The Federal Government, on Wednesday, said it has launched a $2bn fund to connect all of Nigeria’s 774 local government areas through fibre optics.

It said while the African Development Bank has pledged $200m, the World Bank, the African Export and Import Bank and the United States Export and Import Bank are among donors.

The FG revealed that Imo, Kogi and Zamfara are among eight states to benefit from the pilot phase of the project.

This was revealed by the Minister of Communications, Innovation and Digital Economy, Dr Bosun Tijani, on Wednesday when he briefed State House correspondents after the Federal Executive Council meeting at the Aso Rock Villa, Abuja.

Tijani said, “In the next six months, our goal is to reach at least eight of the states…and cover the entire country…we are setting up a $2 billion fund.”

Tijani stated that achieving total connectivity for the nation would require 120,000km of fiber optic cables, with the current status being only 35,000km of cables.

In a white paper published in January 2024, the Ministry emphasised the crucial need for expanding Nigeria’s broadband access through the development of national backbone and middle mile infrastructure, aiming for increased internet adoption and a 70 percent broadband penetration target by 2025.

It said the strategic importance of deploying at least 120,000km of fibre optic cables lies in superior connectivity, noting the disparities in coverage across regions.

To address the challenges of market viability and enhance digital inclusion, the paper ministry proposed what it called the National Broadband Alliance for Nigeria, a collaborative effort aimed at fostering broadband development, addressing low internet consumption, and positioning Nigeria for digital transformation.

This initiative, it said, is expected to drive economic and social development by improving access to education, healthcare, financial services, e-commerce and e-governance.

He explained the mechanisms for its implementation, saying, “The first thing we’re doing, which Mr. President is pushing, is leveraging existing infrastructure that we have within NIGCOMSAT, which is the satellite company. Most of you know that Nigeria is the only country in West Africa with a satellite.

“We’re also leveraging the fiber network of Galaxy Backbone to deploy connectivity to all the 774 local government Secretariat. Those who are following that project, which was announced about three weeks ago, would also see that we’ve actually started the connectivity.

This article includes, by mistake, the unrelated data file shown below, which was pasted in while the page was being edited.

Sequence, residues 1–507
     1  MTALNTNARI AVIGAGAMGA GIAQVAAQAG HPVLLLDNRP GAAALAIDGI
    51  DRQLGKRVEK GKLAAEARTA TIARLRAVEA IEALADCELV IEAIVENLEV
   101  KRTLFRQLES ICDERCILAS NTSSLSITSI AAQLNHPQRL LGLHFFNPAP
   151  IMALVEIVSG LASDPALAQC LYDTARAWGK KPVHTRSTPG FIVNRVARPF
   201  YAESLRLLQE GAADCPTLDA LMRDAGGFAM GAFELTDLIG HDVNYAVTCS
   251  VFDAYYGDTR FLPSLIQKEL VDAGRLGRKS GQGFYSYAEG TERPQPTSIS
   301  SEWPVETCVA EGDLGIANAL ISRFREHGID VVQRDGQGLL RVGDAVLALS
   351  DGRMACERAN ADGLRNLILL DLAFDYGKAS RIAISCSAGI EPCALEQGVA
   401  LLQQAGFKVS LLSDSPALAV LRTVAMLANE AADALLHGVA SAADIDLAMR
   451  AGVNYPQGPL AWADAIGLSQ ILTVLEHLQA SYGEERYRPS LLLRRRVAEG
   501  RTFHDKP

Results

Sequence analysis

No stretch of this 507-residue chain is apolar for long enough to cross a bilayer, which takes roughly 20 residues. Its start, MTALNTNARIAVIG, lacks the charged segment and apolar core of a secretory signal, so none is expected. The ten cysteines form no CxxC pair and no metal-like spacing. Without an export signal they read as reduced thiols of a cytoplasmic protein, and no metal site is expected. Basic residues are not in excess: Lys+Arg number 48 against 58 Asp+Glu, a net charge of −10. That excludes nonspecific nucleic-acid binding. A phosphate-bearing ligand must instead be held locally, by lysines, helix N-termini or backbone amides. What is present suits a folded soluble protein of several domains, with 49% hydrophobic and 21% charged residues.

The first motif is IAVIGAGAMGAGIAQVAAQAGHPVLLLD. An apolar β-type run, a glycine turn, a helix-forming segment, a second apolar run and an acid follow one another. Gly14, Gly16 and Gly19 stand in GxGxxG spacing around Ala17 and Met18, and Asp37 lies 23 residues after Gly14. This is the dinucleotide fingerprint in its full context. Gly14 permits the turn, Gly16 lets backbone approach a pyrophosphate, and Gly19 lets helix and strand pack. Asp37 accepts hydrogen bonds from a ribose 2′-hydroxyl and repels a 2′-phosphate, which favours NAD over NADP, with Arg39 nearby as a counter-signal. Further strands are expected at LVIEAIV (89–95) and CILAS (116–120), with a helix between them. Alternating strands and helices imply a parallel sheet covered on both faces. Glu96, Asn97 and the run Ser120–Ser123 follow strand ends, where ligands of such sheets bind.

“So a number of local government secretariats in Kogi State are now connected, a number in Zamfara are being connected this week, a number in Imo State are being connected this week. In the next six months, our goal is to reach at least eight of the states within the country to demonstrate the pilot and the goal is to then take it from there and cover the entire country.”

Tijani said if these local government Secretariats are the closest form of government to the people, and if connected, “we can help them use technology to serve the people better, but also to enhance security significantly as well.”

He added that the President had given his nod for the sourcing of $2bn to power the project.

The Minister said although less than $1bn would suffice, the extras are necessary to “drive down the cost of connectivity in the country.”

“Again, what drives connectivity in any country is the fiber optic network. This is the biggest foundation for connectivity. Nigeria is projected to invest in 120,000km of fiber optic cable to be able to cover the entire country. At the moment, we’re at about 35,000km.

“We’ve done the numbers working with the best companies in this space. It will cost us less than $1bn to complete the deployment of fiber optic cable. And the President has given the go ahead for us to source funds for that.

“So we are in the process of setting up a $2 billion fund. I said it costs less than $1bn. But the reason why we’re setting up a $2bn fund is to use the balance to drive down the cost of connectivity in the country. We want to ensure that all schools hospitals in the country are connected, and all government facilities as well. So we are in the process of setting up this fund,” he added.

The Minister said the African Development Bank has pledged $200m as talks are ongoing with the World Bank, African Export and Import Bank, and the United States Export and Import Bank, among others.

He noted, “We’ve already received significant interest from the African Development Bank who are looking to put about $200m into this. We’ve had an extensive and deep conversation with the World Bank on this as well.

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